||Review of laser raman and fluorescence techniques for practical combustion diagnostics /
Eckbreth, A. C. ;
Bonczyk, P. A. ;
Verdieck., J. F.
||United Technologies Research Center, East Hartford, Conn.;Industrial Environmental Research Lab., Research Triangle Park, N.C.
|| Environmental Protection Agency, Office of Research and Development, Industrial Environmental Research Laboratory ; For sale by the National Technical Information Service,
Raman spectroscopy. ;
Raman spectroscopy ;
Elastic scattering ;
Inelastic scattering ;
Molecular energy levels ;
Air pollution ;
Numerical analysis ;
Light scattering ;
Laser induced fluorescence ;
Laser raman spectroscopy ;
Air pollution detection
||Research Triangle Park Library/RTP, NC
||Region 10 Library/Seattle,WA
||Most EPA libraries have a fiche copy filed under the call number shown. Check with individual libraries about paper copy.
||171 p. in various pagings : ill. ; 28 cm.
The report gives results of a detailed examination of four techniques for practical combustion diagnostics: spontaneous and near-resonant Raman scattering, laser fluorescence, and coherent anti-Stokes Raman scattering (CARS). For diagnosis of highly luminous, particle-laden flames (e.g., in hydrocarbon-fueled primary combustion zones), spontaneous and near-resonant Raman scattering appear to possess a low probability for successful application, even with advanced state-of-the-art laser sources. However, for clean flame diagnostic or probing or environments with modest particulate levels (e.g., some secondary combustion and exhaust/plume regions), spontaneous Raman scattering is very attractive due to its simplicity, high level of understanding, and advanced state of development. Laser fluorescence appears capable of species concentration measurements to 10's of ppm for selected molecules whose absorptions can be saturated. In this way, fluorescence magnitudes do not depend on quenching effects. CARS appears to be capable of sucessful thermometry and majority constituent measurements in practical flame environments, although some jeopardies need to be experimentally investigated. Potential detectivities in the 10-100 ppm range may be possible using sophisticated variants of the CARS technique.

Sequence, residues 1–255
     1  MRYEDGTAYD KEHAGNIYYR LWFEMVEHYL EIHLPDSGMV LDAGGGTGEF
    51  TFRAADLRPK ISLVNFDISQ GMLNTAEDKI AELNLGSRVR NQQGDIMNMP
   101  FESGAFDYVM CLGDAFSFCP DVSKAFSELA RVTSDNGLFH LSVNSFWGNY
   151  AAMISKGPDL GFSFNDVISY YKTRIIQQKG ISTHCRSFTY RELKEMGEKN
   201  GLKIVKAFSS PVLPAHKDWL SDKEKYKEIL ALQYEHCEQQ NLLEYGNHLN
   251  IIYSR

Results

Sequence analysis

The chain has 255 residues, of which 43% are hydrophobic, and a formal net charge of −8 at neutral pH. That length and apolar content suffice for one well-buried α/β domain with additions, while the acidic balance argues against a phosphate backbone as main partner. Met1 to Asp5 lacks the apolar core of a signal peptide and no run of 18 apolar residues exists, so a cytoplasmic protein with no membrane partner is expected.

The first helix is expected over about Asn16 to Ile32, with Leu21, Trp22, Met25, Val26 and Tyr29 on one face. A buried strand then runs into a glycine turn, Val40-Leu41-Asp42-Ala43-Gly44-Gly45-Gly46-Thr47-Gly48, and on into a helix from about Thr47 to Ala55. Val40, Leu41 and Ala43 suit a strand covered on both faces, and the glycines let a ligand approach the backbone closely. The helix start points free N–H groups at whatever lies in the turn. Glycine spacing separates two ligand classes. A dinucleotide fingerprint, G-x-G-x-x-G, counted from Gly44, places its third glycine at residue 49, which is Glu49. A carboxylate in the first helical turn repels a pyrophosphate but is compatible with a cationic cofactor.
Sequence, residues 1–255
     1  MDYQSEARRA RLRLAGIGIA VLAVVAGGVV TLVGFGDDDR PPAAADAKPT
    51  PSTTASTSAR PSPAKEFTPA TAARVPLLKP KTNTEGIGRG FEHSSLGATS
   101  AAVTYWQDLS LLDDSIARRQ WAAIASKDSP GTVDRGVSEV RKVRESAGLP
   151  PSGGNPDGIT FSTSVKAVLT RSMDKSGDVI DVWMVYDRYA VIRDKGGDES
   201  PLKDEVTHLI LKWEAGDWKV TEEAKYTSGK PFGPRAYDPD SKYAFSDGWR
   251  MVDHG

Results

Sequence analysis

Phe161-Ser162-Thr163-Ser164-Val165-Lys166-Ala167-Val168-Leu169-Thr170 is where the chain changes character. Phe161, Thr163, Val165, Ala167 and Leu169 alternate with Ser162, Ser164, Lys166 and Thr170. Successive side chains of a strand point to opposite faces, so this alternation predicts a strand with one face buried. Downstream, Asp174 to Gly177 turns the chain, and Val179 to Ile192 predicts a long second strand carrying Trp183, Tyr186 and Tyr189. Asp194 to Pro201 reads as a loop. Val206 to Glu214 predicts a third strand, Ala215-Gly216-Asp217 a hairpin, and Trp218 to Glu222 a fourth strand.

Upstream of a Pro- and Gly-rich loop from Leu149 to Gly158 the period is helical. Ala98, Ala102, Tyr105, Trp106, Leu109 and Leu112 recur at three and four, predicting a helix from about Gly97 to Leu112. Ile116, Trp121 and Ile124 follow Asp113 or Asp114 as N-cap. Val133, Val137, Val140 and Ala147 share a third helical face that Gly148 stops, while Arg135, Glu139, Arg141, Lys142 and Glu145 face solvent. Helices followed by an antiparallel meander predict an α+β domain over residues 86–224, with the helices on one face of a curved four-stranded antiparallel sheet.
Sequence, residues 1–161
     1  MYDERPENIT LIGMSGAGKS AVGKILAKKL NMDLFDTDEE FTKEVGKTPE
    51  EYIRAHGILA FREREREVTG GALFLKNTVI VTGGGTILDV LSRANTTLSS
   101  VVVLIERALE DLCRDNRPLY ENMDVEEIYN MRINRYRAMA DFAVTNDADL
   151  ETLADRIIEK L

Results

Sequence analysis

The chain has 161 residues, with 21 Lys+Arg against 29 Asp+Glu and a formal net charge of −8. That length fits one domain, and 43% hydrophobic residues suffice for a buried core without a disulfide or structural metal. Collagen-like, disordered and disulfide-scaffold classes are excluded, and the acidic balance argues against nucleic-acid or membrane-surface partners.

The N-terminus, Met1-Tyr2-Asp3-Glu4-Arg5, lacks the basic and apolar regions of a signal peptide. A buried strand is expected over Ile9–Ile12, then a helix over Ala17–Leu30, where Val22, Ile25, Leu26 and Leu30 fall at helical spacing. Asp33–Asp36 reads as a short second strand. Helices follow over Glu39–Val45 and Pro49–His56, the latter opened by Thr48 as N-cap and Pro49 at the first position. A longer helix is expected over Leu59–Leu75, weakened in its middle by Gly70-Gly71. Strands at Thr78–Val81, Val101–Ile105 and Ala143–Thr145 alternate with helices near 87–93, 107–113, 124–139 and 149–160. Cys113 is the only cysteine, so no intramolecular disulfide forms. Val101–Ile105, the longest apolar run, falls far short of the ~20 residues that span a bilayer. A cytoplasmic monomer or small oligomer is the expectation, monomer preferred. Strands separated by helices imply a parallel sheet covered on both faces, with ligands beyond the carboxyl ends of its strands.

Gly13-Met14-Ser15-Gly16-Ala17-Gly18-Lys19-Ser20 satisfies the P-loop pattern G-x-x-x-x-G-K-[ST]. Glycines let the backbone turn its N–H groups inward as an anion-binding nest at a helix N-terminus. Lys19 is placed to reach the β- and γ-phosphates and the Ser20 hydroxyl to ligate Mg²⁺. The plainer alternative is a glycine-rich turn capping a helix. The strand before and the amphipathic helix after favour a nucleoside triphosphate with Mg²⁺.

Prepared by United Technologies Research Center under contract no. 68-02-2176, program element no. EHE624 for the Environmental Protection Agency, Office of Research and Development. Issued June 1977. Includes bibliographical references (p. 132-146).